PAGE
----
The scale of the crisis facing the journalism industry requires a radical and dramatic response: a massive public investment in local news.
“The last recession was brutal for newspapers and local news,” wrote DeRienzo, who at the time was the director for a nonprofit organization that supported local online news outlets. “The next one could be an extinction-level event.”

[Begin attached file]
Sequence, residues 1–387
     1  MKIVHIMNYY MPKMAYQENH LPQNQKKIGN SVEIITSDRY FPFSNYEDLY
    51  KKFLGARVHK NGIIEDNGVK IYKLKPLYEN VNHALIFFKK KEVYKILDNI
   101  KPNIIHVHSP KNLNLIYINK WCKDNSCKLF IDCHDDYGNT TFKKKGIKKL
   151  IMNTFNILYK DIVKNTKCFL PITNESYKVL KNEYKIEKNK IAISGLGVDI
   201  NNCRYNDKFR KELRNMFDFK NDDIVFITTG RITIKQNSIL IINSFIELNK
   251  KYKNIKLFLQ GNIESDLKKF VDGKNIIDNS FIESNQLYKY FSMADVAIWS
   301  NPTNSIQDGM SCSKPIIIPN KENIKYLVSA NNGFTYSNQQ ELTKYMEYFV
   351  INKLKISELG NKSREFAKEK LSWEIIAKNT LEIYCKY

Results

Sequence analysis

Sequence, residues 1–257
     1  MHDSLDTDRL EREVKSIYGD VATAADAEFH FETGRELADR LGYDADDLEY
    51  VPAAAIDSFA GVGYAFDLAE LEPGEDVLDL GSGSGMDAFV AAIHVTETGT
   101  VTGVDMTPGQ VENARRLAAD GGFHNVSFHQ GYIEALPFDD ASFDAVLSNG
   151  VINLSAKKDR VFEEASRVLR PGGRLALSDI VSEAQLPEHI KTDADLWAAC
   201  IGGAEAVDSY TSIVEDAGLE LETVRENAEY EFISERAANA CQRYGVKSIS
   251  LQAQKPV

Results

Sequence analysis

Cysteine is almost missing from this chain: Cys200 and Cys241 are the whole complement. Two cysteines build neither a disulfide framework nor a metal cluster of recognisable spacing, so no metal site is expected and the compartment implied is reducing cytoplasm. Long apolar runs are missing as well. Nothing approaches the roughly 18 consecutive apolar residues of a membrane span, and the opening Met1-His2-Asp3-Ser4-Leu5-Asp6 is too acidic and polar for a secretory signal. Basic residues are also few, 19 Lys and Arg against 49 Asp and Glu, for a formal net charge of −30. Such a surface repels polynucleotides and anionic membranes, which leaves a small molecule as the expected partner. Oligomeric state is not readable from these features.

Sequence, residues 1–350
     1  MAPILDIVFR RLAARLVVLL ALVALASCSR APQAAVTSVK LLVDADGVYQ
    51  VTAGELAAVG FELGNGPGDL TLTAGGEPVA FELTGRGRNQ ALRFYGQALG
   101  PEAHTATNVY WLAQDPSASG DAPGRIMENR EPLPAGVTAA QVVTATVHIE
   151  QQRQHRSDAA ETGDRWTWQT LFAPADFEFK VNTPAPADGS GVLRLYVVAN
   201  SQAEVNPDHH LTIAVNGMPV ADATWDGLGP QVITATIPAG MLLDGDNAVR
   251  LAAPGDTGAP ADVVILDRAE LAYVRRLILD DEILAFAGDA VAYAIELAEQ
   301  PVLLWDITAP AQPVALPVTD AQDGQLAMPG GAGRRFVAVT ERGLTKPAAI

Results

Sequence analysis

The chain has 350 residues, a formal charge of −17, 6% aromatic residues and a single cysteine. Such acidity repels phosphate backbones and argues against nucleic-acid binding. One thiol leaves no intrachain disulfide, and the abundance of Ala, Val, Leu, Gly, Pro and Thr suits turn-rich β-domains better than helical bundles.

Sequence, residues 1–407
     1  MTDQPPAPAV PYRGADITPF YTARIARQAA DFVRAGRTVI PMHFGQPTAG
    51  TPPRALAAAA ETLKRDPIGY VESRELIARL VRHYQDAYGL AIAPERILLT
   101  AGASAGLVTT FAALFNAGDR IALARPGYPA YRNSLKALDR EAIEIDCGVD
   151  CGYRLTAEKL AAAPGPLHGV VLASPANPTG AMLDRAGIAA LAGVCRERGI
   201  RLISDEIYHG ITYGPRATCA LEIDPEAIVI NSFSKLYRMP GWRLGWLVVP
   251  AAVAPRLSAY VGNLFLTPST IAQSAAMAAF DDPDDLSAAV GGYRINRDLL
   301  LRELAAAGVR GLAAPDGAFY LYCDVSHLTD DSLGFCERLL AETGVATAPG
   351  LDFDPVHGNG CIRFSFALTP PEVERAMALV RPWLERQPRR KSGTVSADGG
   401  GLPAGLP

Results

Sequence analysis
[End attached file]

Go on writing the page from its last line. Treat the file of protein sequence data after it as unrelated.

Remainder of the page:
The next one is here now, thanks to the economic crunch brought about by the novel coronavirus outbreak. The sudden shock has clobbered an industry that had already lost nearly 30,000 jobs ― roughly a quarter of its reporters ― over the last decade, as its advertising-based revenue model proved anachronistic in the age of the internet. City- and statewide lockdowns have further reduced revenues, even as readership soars, so each day now brings news of another round of layoffs, furloughs or pay cuts from somewhere in the beleaguered industry.
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